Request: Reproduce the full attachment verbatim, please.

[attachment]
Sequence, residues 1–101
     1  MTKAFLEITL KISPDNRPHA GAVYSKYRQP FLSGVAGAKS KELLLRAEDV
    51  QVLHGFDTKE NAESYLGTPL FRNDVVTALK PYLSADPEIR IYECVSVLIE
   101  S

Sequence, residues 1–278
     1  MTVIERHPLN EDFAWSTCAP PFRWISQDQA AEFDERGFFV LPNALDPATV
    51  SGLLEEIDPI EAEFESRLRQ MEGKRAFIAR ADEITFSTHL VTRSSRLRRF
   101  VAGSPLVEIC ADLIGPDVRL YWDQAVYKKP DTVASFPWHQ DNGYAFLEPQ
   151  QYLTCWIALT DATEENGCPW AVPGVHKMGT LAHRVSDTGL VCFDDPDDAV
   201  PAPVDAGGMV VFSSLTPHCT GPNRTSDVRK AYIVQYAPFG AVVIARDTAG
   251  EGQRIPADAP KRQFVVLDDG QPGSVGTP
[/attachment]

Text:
Sequence, residues 1–101
     1  MTKAFLEITL KISPDNRPHA GAVYSKYRQP FLSGVAGAKS KELLLRAEDV
    51  QVLHGFDTKE NAESYLGTPL FRNDVVTALK PYLSADPEIR IYECVSVLIE
   101  S

Sequence, residues 1–278
     1  MTVIERHPLN EDFAWSTCAP PFRWISQDQA AEFDERGFFV LPNALDPATV
    51  SGLLEEIDPI EAEFESRLRQ MEGKRAFIAR ADEITFSTHL VTRSSRLRRF
   101  VAGSPLVEIC ADLIGPDVRL YWDQAVYKKP DTVASFPWHQ DNGYAFLEPQ
   151  QYLTCWIALT DATEENGCPW AVPGVHKMGT LAHRVSDTGL VCFDDPDDAV
   201  PAPVDAGGMV VFSSLTPHCT GPNRTSDVRK AYIVQYAPFG AVVIARDTAG
   251  EGQRIPADAP KRQFVVLDDG QPGSVGTP